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Offshore Oil & Ocean Engineering

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June 2011 Issue

Xodus Group, Mos Baker Partner To Launch XMOS in Lagos
Xodus Group (Aberdeen, Scotland) joined with Mos Baker Nigeria Ltd. (Lagos, Nigeria) to launch an operation in Lagos called XMOS.

XMOS will have an initial focus on three divisions: process and facilities, flow assurance and subsea engineering. The partners said they are each investing more than $1 million and plan to recruit 20 people in the first year and grow to 100 people within three years. Sam Unuigbe, a former director of Stanbic IBTC Bank and owner of Mos Baker, will take on the role of chairman. His son, Ohioze Unuigbe, will be managing director. Rod McInnes has been appointed operations director of XMOS. For more information, visit www.xodusgroup.com.

Marine Well Containment Co. Opens Headquarters in Houston
Marine Well Containment Co. (MWCC) announced May 2 the opening of its headquarters in Houston, Texas. The offices house the day–to–day business operations and a dedicated emergency response center in the event MWCC is called to respond to a deepwater well control incident in the Gulf of Mexico. For more information, visit http://marinewellcontainment.com.

GE Oil & Gas Expands Suite of BOP, RM&D Technology
GE Oil & Gas (Florence, Italy) has expanded its suite of blowout preventer (BOP) and remote monitoring and diagnostic (RM&D) technologies for the offshore drilling industry, the company announced in May.

GE said the products are the result of renewed research and development focus and acceleration of projects to improve shearing capacity, monitoring of BOPs and gas–handling capability.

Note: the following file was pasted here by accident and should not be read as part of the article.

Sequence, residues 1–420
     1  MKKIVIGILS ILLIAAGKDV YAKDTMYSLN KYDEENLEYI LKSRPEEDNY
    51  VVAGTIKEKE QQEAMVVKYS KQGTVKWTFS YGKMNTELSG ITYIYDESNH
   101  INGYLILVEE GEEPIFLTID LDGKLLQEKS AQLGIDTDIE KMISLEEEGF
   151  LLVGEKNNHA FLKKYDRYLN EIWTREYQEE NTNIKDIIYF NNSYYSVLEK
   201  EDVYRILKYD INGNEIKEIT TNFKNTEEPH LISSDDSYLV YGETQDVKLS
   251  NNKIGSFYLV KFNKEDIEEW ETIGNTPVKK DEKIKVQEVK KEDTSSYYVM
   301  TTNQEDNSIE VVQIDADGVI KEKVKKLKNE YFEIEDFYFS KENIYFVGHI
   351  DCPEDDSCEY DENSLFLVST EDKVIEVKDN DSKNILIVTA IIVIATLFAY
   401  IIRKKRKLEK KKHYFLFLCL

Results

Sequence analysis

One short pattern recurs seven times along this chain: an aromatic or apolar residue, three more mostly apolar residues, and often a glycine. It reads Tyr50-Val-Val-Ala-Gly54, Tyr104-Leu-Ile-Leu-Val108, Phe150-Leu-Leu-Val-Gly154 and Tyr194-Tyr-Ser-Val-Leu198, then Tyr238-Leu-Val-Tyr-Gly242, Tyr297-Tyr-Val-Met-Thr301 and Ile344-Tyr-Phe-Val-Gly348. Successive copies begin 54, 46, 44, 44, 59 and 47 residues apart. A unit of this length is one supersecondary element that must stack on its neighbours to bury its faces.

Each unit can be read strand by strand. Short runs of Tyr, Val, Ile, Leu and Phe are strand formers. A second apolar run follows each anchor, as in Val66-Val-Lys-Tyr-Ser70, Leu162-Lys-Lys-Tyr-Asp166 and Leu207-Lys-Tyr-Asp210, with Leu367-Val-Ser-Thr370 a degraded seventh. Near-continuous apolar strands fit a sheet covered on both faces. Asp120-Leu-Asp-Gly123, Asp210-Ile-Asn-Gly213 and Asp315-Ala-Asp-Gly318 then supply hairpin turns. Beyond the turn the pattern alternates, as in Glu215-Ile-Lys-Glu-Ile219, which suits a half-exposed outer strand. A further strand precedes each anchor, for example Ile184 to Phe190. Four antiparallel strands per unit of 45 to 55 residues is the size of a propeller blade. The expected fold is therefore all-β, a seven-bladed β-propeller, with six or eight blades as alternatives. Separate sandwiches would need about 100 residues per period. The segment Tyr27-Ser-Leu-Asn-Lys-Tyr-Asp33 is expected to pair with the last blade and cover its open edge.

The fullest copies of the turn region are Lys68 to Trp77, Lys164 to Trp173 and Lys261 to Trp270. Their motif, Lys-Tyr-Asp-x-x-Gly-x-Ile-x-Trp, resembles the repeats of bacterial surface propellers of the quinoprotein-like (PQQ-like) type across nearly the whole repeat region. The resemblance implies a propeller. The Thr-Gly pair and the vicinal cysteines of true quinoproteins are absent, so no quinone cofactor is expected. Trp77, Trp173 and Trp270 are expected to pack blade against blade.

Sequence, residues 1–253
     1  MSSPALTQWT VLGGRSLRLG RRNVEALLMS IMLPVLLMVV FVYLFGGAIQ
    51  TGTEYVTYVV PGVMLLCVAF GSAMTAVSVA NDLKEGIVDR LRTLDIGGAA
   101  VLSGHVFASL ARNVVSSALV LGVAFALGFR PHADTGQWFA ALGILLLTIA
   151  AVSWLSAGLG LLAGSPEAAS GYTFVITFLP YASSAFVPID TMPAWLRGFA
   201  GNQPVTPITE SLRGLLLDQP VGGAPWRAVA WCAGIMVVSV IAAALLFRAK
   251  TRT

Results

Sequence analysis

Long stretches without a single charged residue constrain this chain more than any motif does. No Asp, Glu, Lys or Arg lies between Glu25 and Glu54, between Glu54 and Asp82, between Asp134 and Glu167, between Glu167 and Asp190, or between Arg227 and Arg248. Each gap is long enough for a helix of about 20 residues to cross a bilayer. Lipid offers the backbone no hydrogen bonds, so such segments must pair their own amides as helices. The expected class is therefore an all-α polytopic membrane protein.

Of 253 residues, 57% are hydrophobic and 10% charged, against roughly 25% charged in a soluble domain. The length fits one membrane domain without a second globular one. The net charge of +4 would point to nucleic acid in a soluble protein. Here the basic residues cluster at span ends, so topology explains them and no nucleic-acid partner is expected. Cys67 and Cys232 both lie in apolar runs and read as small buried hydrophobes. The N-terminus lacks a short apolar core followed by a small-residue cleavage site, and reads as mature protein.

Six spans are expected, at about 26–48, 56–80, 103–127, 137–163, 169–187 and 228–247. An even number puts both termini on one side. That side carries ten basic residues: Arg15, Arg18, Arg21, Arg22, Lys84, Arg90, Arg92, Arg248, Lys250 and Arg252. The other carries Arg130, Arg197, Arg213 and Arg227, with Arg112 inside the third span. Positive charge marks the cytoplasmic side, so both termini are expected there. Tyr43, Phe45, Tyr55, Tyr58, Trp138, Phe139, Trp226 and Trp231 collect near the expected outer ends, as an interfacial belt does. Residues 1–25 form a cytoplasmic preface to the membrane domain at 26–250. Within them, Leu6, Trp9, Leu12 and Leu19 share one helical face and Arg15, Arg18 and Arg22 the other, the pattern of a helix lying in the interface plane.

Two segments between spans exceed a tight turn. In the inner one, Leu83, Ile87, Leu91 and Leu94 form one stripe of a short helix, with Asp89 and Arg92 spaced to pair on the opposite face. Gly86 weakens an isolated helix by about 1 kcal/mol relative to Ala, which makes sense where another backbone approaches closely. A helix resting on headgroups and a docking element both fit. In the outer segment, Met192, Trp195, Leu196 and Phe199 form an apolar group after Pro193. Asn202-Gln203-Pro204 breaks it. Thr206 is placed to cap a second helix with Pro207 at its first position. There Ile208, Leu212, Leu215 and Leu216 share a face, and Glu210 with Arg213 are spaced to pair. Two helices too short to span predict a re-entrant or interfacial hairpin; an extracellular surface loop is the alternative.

The technologies include the Hydrostatic Pressure–Assisted Shearing system from GE subsidiary Hy?dril Pressure Control (Houston, Texas), which enables operators to increase the force available for the shearing operation without requiring additional accumulator bottles. GE said the system can reduce the accumulator bottle count by up to 90 percent.

The Drilling iBox system is a hardware and software solution that turns existing data into reports and status updates for event sequence, cycle counts as well as condition–based and predictive maintenance. It connects to the existing data logger and provides diagnostic and prognostic–condition monitoring reports.

Hydril's Pressure Control RamTel Plus System provides a direct method of determining ram position in addition to the standard method of using indirect flow meter calculations. The system also will display when the ram has contacted the pipe and when it has sheared the pipe.

Hydril's Pressure Control ROV Subsea Display Panel can be retrofitted on all GE subsea BOP systems. It allows an ROV to directly read stack sensor data as well as ram position subsea indicators.

The Black Box DDRTM System, a device similar to the black box recorder system deployed on aircraft, captures all of the information generated when operating the BOP control system. GE said Hydril's Gas Handler System diverts gas "kicks" from the riser into the choke line before they reach the drill floor and is located below the telescopic joint. For more information, visit www.ge-energy.com.